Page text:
7EED1D84-519F-43C4-A59C-FA5236A31856On a day with no flowers in my alcove, I found the means to have flowers without flowers. A bouquet of senses. A ring of chrysanthemums decorating a makeshift tea container. Just enough to turn this day into a celebration.

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Filed under Ceramics, China, Education, Green Tea, History, Incense, Japan, Korea, Matcha, Meditation, Tea

In the Mountains on a Summer Day

As the apex of Summer’s heat lingers on in late July, seeking solace from the sun is paramount. Since ancient times, hermit poets wrote of this, sometimes going to extremes measures to avoid the heat. As the temperature climbed higher, so too did these solitary eccentrics, disappearing into the mountains, where even in Summer, they could hide in the mist, enjoy the coolness of mountain streams, and relax to the sound of wind rushing through the pines. In their pursuit to escape the oppressive forces of society and overbearing governments, they also found a respite from the tyranny of Summer’s heat.

In his poem 《夏日山中》”Xià Rì Shān Zhōng” (“In the Mountains on a Summer Day”), Tang period poet 李白 Lǐ Bái (701-762) wrote of his attempts to evade the heat at Summer’s peak, sitting naked in the mountains, with barely enough energy to fan himself. His only relief coming from a light breeze that pushes through the pine trees.

As I find myself sequestered in my tree-top apartment in New York City, looking down on the forest outside my window, I can see the shimmering waves of heat rising from the concrete below. Rolling-down the shades to block-out the sun, the heat still enters the space of my tearoom.

To escape this, I set my clay kettle to boil and assemble a tea set together. A small antique Japanese blue-and-white porcelain teapot from the early 1900s set atop a 染付 sometsuke plate. I pair this with a contemporary Korean 분청사기 buncheong-jagi cup and 숙우 sookwoo (water-cooling vessel). The overall effect is exceedingly casual, in keeping with the sense of relaxation I am hoping to achieve.

Epitomizing this intention, however, is my choice of tea: a fresh 鴨屎香鳳凰單烏龍茶 Yā shǐ xiāng fènghuáng dān wūlóngchá (lit. “duck shit fragrance phoenix single grove oolong tea”). Originally given a vulgar name by a tea farmer who sought not to share his most prized tea, quintessentially “Duck Shit” oolong is a balanced, full-flavored tea. Long, wiry leaves bear the evidence of mid-oxidation, with shades of dark red, earthy olive, and the blue-black color of a crow’s plumage.

Once saturated by the hot water from my kettle, the tea awakens and begins to release its flavor and golden liqueur.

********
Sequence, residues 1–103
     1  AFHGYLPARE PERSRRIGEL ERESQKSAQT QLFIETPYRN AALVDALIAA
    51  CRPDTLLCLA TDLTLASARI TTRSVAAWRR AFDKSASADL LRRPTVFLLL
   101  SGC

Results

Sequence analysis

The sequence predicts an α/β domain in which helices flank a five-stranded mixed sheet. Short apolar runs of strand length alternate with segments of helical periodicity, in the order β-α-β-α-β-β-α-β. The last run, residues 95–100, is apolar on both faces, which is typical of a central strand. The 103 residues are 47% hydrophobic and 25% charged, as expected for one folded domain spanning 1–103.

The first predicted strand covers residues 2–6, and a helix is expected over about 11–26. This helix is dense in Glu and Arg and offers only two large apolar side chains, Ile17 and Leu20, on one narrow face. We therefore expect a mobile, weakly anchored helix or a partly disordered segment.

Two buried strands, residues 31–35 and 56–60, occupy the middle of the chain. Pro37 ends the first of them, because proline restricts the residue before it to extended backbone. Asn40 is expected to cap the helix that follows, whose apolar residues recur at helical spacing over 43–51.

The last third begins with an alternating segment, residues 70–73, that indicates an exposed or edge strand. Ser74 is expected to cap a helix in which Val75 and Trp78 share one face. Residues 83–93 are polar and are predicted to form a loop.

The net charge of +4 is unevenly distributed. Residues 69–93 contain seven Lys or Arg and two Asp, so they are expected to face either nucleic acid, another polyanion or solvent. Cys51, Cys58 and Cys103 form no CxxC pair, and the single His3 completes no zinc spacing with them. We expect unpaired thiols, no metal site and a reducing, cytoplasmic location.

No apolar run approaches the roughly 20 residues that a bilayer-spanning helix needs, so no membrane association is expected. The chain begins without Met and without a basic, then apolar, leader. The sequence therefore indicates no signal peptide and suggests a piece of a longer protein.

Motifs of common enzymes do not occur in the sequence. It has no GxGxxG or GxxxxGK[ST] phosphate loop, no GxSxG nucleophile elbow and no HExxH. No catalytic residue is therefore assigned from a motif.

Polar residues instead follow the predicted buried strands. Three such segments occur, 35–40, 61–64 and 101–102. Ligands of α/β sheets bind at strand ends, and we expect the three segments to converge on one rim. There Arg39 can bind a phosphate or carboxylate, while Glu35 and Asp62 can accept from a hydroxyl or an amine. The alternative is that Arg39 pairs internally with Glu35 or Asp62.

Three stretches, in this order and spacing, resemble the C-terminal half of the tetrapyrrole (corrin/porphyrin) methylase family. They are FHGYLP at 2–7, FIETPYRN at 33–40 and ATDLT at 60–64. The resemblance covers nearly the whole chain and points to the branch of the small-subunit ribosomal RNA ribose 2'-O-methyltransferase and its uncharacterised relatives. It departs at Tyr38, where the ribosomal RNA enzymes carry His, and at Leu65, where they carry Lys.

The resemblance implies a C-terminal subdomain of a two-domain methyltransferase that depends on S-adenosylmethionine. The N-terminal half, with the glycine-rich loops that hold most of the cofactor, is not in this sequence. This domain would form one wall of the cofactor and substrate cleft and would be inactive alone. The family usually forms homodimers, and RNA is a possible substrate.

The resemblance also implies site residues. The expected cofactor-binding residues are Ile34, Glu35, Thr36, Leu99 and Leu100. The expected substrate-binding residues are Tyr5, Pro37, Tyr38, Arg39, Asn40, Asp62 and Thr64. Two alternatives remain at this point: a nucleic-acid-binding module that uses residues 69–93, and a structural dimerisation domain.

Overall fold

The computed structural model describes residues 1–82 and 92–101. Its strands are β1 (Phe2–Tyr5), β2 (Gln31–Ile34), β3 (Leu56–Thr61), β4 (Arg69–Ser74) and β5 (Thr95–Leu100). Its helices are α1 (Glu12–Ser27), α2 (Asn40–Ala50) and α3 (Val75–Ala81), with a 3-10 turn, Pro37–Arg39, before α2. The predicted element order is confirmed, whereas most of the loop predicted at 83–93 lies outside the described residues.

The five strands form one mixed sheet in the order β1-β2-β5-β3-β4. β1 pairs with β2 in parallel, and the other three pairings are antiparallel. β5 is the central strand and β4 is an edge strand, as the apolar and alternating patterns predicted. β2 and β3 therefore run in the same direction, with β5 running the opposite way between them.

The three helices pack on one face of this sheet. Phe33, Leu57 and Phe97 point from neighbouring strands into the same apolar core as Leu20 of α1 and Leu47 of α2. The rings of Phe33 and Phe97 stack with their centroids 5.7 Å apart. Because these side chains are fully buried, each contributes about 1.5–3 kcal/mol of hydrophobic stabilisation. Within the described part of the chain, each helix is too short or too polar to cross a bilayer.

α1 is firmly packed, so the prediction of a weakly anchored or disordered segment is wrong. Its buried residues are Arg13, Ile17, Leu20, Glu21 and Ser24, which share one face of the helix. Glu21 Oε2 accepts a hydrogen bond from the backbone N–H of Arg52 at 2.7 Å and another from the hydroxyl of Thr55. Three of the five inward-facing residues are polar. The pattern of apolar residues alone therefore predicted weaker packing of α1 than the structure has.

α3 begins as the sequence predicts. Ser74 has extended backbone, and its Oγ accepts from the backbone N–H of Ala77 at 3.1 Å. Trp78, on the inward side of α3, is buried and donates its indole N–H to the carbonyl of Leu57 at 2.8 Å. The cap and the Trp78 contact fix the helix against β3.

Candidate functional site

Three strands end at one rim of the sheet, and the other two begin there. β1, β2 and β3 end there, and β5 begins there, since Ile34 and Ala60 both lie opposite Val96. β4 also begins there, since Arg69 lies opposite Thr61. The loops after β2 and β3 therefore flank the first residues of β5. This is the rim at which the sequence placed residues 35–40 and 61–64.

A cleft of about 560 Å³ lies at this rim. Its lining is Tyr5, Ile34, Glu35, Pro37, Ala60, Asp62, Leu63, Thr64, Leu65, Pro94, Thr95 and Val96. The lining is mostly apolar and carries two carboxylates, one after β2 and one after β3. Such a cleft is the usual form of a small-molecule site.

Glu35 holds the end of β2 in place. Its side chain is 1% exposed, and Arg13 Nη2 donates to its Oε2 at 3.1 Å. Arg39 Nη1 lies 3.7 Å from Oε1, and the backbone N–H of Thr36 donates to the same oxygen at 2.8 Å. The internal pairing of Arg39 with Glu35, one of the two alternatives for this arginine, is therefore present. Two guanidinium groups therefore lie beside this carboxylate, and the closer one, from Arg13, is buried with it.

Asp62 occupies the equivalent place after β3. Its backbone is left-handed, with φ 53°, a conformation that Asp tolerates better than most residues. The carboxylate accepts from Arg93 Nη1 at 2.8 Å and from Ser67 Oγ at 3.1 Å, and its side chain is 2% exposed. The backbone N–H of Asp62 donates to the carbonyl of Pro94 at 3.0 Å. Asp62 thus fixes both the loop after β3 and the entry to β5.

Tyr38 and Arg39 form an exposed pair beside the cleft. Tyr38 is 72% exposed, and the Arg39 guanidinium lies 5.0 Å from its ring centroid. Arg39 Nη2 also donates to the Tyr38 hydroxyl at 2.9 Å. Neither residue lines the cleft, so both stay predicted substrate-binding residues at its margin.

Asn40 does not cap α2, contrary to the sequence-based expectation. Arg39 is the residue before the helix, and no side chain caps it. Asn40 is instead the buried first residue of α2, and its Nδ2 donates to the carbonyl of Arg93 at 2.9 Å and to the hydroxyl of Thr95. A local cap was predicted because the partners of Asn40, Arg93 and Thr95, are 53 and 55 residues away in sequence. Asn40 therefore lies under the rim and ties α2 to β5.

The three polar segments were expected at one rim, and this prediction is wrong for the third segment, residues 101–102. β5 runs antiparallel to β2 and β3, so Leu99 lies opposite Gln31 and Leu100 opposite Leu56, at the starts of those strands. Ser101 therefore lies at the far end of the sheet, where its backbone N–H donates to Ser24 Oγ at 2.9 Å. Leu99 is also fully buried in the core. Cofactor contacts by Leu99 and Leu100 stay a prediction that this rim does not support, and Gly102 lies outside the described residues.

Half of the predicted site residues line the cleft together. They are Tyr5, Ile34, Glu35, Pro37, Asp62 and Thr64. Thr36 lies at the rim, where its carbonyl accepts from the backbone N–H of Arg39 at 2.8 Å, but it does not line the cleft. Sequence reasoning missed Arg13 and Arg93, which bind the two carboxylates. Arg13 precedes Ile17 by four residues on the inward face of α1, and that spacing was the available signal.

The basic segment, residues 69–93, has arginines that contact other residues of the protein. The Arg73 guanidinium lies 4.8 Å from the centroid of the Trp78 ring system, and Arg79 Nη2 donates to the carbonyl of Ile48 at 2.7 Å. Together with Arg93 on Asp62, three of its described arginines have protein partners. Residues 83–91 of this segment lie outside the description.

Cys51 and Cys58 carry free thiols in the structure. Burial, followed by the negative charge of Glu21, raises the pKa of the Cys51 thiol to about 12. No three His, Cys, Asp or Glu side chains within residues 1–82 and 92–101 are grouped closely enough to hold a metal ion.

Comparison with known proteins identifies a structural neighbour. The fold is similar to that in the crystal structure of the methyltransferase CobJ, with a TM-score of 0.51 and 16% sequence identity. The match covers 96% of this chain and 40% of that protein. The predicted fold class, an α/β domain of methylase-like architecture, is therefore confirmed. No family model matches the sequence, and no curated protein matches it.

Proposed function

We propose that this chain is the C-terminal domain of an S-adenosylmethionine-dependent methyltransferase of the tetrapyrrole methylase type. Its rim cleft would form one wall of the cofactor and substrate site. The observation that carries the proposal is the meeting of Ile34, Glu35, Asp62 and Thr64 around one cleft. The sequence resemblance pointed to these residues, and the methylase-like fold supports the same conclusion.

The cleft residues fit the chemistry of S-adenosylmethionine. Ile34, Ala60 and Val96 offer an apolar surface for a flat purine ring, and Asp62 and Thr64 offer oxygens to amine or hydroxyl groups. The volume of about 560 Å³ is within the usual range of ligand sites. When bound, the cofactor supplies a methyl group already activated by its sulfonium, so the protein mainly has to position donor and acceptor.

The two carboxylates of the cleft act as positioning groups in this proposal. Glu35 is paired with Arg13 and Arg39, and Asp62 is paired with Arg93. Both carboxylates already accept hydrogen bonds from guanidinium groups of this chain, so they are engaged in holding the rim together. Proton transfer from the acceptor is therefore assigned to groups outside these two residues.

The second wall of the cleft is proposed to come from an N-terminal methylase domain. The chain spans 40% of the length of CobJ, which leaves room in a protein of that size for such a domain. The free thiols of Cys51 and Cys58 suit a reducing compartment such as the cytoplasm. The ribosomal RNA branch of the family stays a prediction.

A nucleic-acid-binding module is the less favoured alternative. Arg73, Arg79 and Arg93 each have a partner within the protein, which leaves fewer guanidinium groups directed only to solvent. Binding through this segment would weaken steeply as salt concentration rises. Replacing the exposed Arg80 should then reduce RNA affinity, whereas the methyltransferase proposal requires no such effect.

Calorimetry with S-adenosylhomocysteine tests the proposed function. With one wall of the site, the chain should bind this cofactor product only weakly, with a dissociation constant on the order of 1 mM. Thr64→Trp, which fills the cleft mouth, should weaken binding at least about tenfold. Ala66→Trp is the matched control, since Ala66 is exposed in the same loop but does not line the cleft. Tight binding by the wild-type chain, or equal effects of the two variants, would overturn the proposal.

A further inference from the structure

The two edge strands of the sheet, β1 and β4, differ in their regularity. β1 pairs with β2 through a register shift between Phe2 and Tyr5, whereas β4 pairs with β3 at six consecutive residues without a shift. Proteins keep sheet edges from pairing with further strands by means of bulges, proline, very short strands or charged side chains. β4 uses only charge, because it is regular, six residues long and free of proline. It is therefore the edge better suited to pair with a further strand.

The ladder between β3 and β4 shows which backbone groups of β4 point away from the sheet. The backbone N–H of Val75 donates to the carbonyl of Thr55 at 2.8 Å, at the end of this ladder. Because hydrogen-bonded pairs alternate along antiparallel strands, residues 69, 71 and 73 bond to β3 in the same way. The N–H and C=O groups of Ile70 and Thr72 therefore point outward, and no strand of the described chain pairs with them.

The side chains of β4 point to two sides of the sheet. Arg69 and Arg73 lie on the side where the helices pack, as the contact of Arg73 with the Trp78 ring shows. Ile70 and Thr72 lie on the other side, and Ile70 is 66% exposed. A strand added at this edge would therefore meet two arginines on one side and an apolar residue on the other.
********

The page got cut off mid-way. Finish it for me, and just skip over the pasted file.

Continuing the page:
Brewing this tea in the particular manner native to the region of Chaozhou, I let the time pass, allowing the high heat of the boiled water to access every layer of flavor found within the tea leaves.

Once fully decanted, the resting tea reveals a spectrum of colors that once were dormant.

Leafy tendrils edged in crimson, copper, emerald, and rust elude to the flavors developed by the partnership of nature’s forces and the skilled hand of the tea master.

Set against the matte grey of the sookwoo, the brilliant color of tea radiates like the golden sun outside my tearoom window.

I take a moment to pause and pour from sookwoo to small cup. Fleeting flavors escape into the air, hinting to the tea’s qualities.

Lifting the buncheong-jagi cup to my lips, I hesitate before sipping, appreciating the rich aromas akin to a field of flowers, of juicy tropical fruits, of a deep verdant forest in Summer’s heat. Finally, I savor the bright liqueur of this fine tea, awash in piquant floral notes, the flavor of ripe longan and sweet honey, followed by the bitterness of orange peel and the soft astringency of a pomelo. The warmth of sunshine, the abundant complexity of mountain air, and the lushness of a forest holding-back the sweltering heat of a Summer’s day caught in a cup.

Joining the poets of old in their pursuit to escape to the wooded peaks during the height of Summer, I slack my thirst alone, enjoying my solitude save for the company of tea.

****

If you would like to read Lǐ Bái’s poem “In the Mountains on a Summer Day”, I’ve provided a copy below, along with translation by retired politician and scholar of poetry 黃宏發 Huáng Hóngfā (Andrew W. F. Wong).

《夏日山中》

懶搖白羽扇,裸袒青林中。

脫巾掛石壁,露頂灑松風。

“Xià rì shānzhōng”

Lǎn yáo bái yǔshàn, luǒ tǎn qīng lín zhōng.

Tuō jīn guà shíbì, lù dǐng sǎ sōngfēng.